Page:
Government Contracts for Hispanic Businesses

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Here’s how to make your business eligible to compete for federal contracts.

 

 

If you’re a business owner of Hispanic descent, or a woman, or a U.S. veteran, you might not have thought of that part of your identity as a bonus to your business. But it can be, if you’re doing business with the U.S. government.

 

That’s why so many Hispanic-Americans, women and military veterans go after government contracts, to help get their businesses established or to give them a boost up to the next level.

 

 

The U.S. government designates a significant portion of its contract dollars for small business contractors. Whatever the government project may be, it gets the job done while injecting some needed cash into an important component of the American economy.

 

 

Moreover, a part of the overall budget for small business contracts is targeted specifically at businesses owned by Latino-Americans and other minorities, as well as women-owned and veteran-owned businesses.

 

 

A federal contract is defined by the U.S. Department of Labor as “any agreement between a department or agency of the Federal Government and any person for the purchase, sale, or use of goods or services.”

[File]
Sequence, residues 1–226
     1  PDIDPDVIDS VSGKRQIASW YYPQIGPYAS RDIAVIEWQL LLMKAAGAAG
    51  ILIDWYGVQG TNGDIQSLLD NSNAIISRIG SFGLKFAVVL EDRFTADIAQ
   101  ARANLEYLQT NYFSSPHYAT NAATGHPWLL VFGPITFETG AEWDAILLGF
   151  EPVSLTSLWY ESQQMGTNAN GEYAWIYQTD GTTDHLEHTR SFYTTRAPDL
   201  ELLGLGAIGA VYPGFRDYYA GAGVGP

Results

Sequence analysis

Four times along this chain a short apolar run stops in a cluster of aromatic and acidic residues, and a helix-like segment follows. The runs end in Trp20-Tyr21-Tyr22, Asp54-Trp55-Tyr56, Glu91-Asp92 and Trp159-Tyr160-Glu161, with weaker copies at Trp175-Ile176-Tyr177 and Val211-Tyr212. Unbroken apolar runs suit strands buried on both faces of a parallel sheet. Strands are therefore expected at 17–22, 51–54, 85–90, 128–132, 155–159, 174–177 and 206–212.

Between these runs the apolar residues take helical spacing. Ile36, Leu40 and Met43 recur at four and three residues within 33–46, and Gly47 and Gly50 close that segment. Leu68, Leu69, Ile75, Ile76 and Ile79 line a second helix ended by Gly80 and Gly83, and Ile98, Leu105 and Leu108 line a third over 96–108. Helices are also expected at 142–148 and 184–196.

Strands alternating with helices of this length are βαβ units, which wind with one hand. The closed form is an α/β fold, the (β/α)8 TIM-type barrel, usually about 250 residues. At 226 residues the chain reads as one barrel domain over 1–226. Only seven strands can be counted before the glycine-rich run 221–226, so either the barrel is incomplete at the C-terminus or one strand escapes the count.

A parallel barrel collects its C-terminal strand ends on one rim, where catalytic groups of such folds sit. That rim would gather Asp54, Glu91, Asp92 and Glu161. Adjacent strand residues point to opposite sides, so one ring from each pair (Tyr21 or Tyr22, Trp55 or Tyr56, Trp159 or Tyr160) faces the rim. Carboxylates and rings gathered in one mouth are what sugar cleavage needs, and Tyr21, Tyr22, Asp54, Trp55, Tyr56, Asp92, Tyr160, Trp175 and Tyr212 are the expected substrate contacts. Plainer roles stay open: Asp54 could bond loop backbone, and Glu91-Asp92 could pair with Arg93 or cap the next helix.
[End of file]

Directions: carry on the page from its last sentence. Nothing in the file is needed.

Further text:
For the Hispanic business person looking to boost business, a minority contract could prove beneficial. Below, Latin Business Today provides a step-by-step guide on how to get ready to apply for a federal minority contract, or for any federal contract.

Register Your Business

 

 

 

 

 

Even if you’re not planning to compete for a federal contract, it is important to register your business.

 

 

“Registering a business involves filing paperwork with the government to obtain certificates, licenses and permits in order to legally operate. Business registration encompasses everything from obtaining a tax ID and naming your business to applying for local business licenses,” according to the U.S. Small Business Association.

 

 

The registration process includes filling out an entry for the Central Contractor Registration (CCR) database, the official U.S. federal government registry. All businesses that operate in the U.S. register using the same process.

 

 

If you are a Hispanic business owner, you may identify your business as minority-owned in your CCR application.

 

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Tatiana Sanchez
Tatiana Sanchez es una colaboradora autónoma de Latin Business Today, que escribe sobre temas relacionados con el trabajo, la vida y la cultura latinas. Oriunda de San Francisco, California, Tatiana obtuvo su Máster en la Escuela de Posgrado de Periodismo de la Universidad de Columbia. Durante el tiempo que pasó en la Ciudad de Nueva York, Tatiana cobró vida como reportera. Su trabajo se publicó en Queen’s Chronicle, the Bronx Free Press y el New York Daily News. El verano pasado, se incorporó a la plantilla de The Oregonian como reportera especializada en salud, donde escribió una historia de portada sobre la creciente epidemia de obesidad en Oregón.